PARIS (Reuters) - Backhands and forehands can be manufactured on the practice courts but no amount of coaching can arm a player with the natural instinct Czech teenager Marketa Vondrousova has used to reach the French Open final.
The unseeded 19-year-old from Sokolov relied on it on a blustery Friday morning in Paris to beat the more experienced and more powerful Johanna Konta 7-5 7-6(2).
She will become the first teenager to play a French Open final since Ana Ivanovic 12 years ago when she takes on fellow Grand Slam final debutant Ashleigh Barty of Australia on Saturday.
Should she win she will emulate the feat of Hana Mandlikova in 1981 — the last Czech to win the French Open.
Headband-wearing Mandlikova, who was also 19 at the time, was known for her net-charging style and while Vondrousova, who sports a visor, is happier at the baseline there is something retro about an intuitive game with echoes of Martina Hingis.
Hingis won the 1997 Australian Open as a 16-year-old, not by blasting opponents off the court, but by outmaneuvering them with superior court craft and improvisation.
That was very much how left-hander Vondrousova got the better of the more pre-programmed Konta on Friday.
“I love her game because she plays the game very intuitively and has a great instinct, really soft hands, she doesn’t need to be coached much,” Petr Pala, the Czech Fed Cup captain who handed Vondrousova her debut as a 17-year-old in the 2017 semi-final, told Reuters by telephone on Friday.
“She knows the way tennis should be played. Sometimes she can be a bit defensive, but she can still improve. You can’t really teach what she has. You can improve it and just put her on the right track. But she can work things out.”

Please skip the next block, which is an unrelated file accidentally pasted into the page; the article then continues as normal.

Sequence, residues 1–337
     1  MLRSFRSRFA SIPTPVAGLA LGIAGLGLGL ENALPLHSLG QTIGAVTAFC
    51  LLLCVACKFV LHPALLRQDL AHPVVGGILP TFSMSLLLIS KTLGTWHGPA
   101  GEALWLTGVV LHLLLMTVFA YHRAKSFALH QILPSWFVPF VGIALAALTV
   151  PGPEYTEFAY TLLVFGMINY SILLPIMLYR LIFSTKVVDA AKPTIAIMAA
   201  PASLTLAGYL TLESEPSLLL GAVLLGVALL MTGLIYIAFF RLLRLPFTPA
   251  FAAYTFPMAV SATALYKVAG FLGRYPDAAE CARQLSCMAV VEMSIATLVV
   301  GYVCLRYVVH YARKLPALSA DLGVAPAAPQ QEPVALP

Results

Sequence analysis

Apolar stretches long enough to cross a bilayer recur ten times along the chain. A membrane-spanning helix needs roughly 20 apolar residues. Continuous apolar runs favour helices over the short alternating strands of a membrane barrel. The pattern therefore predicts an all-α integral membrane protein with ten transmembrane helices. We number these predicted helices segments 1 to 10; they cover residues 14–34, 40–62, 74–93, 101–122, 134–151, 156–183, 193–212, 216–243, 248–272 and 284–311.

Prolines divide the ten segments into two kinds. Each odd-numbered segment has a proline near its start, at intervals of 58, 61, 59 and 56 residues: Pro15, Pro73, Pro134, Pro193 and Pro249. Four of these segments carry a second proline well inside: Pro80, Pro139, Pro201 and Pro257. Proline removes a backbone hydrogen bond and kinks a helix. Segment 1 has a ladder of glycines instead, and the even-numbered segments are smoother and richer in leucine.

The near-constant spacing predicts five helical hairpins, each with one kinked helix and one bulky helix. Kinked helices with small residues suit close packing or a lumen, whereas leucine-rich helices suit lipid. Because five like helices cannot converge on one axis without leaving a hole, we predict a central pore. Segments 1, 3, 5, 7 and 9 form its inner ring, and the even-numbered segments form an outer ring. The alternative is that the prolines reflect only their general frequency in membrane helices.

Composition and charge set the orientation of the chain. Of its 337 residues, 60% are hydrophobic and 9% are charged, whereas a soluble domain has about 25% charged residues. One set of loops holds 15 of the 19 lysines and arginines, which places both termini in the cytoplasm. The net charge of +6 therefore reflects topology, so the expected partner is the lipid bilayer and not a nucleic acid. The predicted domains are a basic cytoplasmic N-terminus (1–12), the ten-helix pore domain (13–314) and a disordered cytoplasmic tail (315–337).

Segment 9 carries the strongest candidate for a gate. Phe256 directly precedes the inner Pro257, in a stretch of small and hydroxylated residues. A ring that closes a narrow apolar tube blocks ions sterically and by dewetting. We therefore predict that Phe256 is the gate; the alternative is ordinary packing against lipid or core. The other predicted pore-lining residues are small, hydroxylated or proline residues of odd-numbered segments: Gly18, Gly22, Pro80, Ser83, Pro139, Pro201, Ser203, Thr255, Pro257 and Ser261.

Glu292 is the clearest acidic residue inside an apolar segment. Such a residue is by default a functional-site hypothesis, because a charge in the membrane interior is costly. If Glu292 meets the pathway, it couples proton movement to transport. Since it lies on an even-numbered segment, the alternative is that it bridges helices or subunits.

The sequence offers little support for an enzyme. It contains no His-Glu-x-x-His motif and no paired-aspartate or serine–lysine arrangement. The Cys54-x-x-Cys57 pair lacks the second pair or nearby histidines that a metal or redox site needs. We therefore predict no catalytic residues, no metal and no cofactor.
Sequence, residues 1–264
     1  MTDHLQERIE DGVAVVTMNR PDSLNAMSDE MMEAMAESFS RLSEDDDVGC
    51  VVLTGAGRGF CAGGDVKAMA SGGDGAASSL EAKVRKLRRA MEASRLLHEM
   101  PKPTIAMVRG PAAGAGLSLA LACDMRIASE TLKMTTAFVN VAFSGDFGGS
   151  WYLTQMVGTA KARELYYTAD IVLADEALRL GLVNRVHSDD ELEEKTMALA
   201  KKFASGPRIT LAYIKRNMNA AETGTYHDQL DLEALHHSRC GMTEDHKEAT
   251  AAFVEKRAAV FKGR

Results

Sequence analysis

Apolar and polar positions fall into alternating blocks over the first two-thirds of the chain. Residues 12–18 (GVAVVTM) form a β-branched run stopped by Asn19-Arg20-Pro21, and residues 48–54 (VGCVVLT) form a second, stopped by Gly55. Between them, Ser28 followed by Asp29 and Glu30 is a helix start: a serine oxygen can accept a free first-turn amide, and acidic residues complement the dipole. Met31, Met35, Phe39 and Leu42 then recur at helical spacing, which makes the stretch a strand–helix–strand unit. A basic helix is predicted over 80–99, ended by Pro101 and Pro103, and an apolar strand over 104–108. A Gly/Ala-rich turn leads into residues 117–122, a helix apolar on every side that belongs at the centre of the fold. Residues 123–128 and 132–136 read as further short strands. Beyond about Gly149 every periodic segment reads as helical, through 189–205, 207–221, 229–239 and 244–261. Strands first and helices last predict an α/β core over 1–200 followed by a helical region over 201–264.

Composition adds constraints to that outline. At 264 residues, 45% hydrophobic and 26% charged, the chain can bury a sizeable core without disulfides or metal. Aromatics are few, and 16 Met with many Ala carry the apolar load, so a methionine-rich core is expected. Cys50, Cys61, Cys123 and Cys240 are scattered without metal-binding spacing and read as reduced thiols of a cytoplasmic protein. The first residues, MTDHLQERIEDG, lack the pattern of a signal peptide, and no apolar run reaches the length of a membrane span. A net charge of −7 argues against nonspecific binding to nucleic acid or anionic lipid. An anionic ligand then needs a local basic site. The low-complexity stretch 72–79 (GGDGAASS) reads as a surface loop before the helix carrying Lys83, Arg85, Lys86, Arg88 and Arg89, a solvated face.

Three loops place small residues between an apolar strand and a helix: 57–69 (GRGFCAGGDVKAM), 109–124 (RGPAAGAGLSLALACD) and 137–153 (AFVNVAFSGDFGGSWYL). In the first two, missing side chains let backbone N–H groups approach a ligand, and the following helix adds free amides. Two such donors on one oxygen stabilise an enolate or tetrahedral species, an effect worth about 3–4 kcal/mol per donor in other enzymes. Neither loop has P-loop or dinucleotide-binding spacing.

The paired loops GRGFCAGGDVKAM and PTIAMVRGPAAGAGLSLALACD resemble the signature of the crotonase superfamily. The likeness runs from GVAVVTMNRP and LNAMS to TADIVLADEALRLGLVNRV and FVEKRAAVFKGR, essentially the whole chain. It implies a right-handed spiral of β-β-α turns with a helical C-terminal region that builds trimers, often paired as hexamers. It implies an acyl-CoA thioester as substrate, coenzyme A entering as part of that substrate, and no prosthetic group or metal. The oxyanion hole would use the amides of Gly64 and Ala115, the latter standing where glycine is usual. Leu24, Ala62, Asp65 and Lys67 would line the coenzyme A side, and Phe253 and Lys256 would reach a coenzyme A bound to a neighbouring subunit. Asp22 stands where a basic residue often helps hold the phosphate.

Many times on Friday Konta appeared in control of points but Vondrousova displayed that handy knack of being able to anticipate where the next ball was coming, then counter it with a change of angle, pace or spin.
Konta was so thrown she racked up 41 unforced errors.
Vondrousova finished the first set with a defensive lob that left Konta flat-footed, then sealed the match with a dropshot played with a magician’s sleight of hand.
“I think she reads the game really well,” Konta, who beat Vondrousova in Rome a few weeks ago, acknowledged.
“Because she reads the game well I think she generally enjoys playing the game, that’s how it feels. She asks you a lot of questions, that’s a real gift of hers.”
With a ranking of 38 coming in Vondrousova was unseeded, but has reached the final without dropping a set — the first since fellow Czech Lucie Safarova achieved the feat in 2015.
Her coach Jan Hernych is understandably a little surprised by her spectacular progress but points to her results since the Australian Open, since when she has a Tour-leading 27-5 record.
“Her game is at a high level and is very confident,” he said. “Of course I’m a little surprised but she has had great results this year. There will be pressure tomorrow but I trust that she can handle it.”
Vondrousova lost the first 10 points against Konta but never panicked and quietly worked her way back into the match.
Three-times French Open champion Mats Wilander believes the mental stability she displayed in the biggest match of her career so far will hold her in good stead for the final.
“That’s her real strength,” Eurosport analyst Wilander said. “When you mix it up, it’s a great way to stay in the present.”
Reporting by Martyn Herman; Editing by Toby Davis